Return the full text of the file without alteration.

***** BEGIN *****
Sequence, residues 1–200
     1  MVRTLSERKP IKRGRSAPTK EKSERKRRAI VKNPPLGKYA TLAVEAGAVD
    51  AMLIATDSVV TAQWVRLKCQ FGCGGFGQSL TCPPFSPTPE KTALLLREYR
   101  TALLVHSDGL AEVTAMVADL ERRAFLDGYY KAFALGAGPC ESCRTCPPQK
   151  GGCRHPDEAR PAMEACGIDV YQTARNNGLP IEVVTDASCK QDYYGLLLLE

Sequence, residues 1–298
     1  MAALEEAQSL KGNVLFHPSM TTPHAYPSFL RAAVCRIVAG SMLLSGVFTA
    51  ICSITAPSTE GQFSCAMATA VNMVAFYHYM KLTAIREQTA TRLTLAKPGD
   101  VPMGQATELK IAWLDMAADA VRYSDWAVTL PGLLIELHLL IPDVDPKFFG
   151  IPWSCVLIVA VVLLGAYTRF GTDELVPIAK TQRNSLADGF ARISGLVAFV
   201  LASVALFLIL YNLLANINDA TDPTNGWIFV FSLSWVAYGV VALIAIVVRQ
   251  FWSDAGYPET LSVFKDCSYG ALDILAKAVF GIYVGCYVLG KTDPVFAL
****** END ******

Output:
Sequence, residues 1–200
     1  MVRTLSERKP IKRGRSAPTK EKSERKRRAI VKNPPLGKYA TLAVEAGAVD
    51  AMLIATDSVV TAQWVRLKCQ FGCGGFGQSL TCPPFSPTPE KTALLLREYR
   101  TALLVHSDGL AEVTAMVADL ERRAFLDGYY KAFALGAGPC ESCRTCPPQK
   151  GGCRHPDEAR PAMEACGIDV YQTARNNGLP IEVVTDASCK QDYYGLLLLE

Sequence, residues 1–298
     1  MAALEEAQSL KGNVLFHPSM TTPHAYPSFL RAAVCRIVAG SMLLSGVFTA
    51  ICSITAPSTE GQFSCAMATA VNMVAFYHYM KLTAIREQTA TRLTLAKPGD
   101  VPMGQATELK IAWLDMAADA VRYSDWAVTL PGLLIELHLL IPDVDPKFFG
   151  IPWSCVLIVA VVLLGAYTRF GTDELVPIAK TQRNSLADGF ARISGLVAFV
   201  LASVALFLIL YNLLANINDA TDPTNGWIFV FSLSWVAYGV VALIAIVVRQ
   251  FWSDAGYPET LSVFKDCSYG ALDILAKAVF GIYVGCYVLG KTDPVFAL